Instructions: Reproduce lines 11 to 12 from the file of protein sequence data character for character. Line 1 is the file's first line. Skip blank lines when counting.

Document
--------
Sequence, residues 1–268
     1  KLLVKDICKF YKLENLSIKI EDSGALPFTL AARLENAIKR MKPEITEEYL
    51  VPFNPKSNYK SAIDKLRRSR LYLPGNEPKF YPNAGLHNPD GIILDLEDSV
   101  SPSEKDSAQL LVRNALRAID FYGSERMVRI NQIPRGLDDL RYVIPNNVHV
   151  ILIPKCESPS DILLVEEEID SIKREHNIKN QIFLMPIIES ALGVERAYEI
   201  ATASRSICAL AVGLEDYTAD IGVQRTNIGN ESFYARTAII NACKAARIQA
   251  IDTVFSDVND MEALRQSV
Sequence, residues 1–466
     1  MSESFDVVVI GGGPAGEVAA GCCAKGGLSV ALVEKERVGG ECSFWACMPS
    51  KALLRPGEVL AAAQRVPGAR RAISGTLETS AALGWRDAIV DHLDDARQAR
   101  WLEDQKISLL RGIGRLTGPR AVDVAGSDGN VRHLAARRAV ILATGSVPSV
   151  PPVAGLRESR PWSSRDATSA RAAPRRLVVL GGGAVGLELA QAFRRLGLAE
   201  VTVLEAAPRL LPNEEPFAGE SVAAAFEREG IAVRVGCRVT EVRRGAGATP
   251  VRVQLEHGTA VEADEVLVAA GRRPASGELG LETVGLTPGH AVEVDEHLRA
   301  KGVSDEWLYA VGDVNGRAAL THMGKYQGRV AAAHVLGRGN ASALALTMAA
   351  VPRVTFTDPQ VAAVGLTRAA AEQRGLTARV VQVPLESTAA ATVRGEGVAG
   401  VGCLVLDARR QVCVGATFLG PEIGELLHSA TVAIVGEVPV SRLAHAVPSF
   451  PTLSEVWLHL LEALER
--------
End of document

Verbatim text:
   101  WLEDQKISLL RGIGRLTGPR AVDVAGSDGN VRHLAARRAV ILATGSVPSV
   151  PPVAGLRESR PWSSRDATSA RAAPRRLVVL GGGAVGLELA QAFRRLGLAE